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Scanning photos with an iPhone

Photo by Adam Engst

8 comments

Google PhotoScan Is a Handy Pocket Photo Scanner

It may seem as though all photos are digital these days, but, amazingly, I still come across the occasional physical photo. School photos, my son’s sports photos, and tourist-trap attraction photos still come into our lives on paper, even if they started out digital. Needless to say, that’s annoying because they’re segregated from the bulk of my photo collection and are difficult to share with family and friends. The obvious solution is to scan them, but like many people, I don’t deal with enough physical photos to invest in a quality scanner.

Here’s an alternative. Google’s free PhotoScan app for the iPhone is a quick and easy way to digitize photos while automatically removing glare. PhotoScan doesn’t require you to log in to a Google account, reducing the privacy concerns often associated with Google services. And unlike a dedicated photo scanner, it’s always in your pocket, so you can scan a photo no matter where you are.

There are lots of scanning apps for the iPhone, such as the excellent Scanbot, but most are tailored toward documents rather than photos. The main alternatives to PhotoScan that I’m aware of are Photomyne’s PhotoScanner and PhotoScanner Plus, but both push you toward a subscription, which seems like overkill for this purpose.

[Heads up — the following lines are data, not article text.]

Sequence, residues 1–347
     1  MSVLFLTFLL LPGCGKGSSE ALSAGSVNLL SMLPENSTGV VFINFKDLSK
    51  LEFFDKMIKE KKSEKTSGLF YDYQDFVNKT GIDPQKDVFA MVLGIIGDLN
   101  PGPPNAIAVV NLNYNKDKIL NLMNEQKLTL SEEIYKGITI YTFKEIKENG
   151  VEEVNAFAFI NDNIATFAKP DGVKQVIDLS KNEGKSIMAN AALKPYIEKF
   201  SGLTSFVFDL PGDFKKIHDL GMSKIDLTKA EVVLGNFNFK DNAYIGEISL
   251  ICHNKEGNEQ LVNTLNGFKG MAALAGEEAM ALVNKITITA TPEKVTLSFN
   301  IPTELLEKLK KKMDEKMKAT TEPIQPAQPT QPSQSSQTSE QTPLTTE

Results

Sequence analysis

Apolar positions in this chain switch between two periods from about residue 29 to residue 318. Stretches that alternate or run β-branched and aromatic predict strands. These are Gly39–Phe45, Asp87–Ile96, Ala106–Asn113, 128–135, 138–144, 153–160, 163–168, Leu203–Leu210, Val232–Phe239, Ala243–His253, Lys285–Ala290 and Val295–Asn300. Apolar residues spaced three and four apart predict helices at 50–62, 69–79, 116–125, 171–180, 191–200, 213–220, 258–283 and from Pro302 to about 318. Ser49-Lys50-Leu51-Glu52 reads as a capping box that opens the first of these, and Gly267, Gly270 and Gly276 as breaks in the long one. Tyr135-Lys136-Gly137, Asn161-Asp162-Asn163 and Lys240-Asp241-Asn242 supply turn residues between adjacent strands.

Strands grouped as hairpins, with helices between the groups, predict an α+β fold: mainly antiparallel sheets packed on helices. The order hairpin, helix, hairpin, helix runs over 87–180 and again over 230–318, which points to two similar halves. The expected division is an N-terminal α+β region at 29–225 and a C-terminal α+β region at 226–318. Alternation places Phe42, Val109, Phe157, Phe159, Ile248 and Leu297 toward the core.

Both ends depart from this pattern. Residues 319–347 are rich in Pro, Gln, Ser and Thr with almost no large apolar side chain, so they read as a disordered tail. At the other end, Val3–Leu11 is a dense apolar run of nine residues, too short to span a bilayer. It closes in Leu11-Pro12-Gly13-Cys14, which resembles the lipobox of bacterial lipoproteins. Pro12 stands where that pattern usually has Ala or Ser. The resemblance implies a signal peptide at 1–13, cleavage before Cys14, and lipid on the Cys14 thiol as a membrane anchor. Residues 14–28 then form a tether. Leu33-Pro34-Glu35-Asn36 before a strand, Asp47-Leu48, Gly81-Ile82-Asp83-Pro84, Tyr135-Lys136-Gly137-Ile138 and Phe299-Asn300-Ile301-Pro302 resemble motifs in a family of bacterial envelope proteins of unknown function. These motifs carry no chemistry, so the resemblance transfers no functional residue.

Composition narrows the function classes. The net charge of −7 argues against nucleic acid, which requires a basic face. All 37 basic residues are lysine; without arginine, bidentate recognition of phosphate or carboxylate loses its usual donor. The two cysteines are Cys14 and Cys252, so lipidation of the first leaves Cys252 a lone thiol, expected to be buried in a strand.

Using PhotoScan

An introductory video explains how to use PhotoScan. Lay your photo on a flat surface in a well-lit room. Open PhotoScan, position the photo in the viewfinder, and tap the shutter button.

Here’s where the process becomes unusual. Four white dots appear around the photo—they won’t necessarily appear on the photo itself, so don’t worry if the placement seems weird. (It is.) You then move your iPhone so that the hollow circle in the center of the viewfinder aligns with each dot—when they’re aligned, the circle and the dot turn blue. Be sure to keep the iPhone level as you move from dot to dot because PhotoScan captures an image at each corner. Turn all four dots blue, and PhotoScan saves the combined image as a JPEG, in the PhotoScan album in Photos. (If you use Google Photos, you can find photos captured by PhotoScan by searching for “photoscan.”)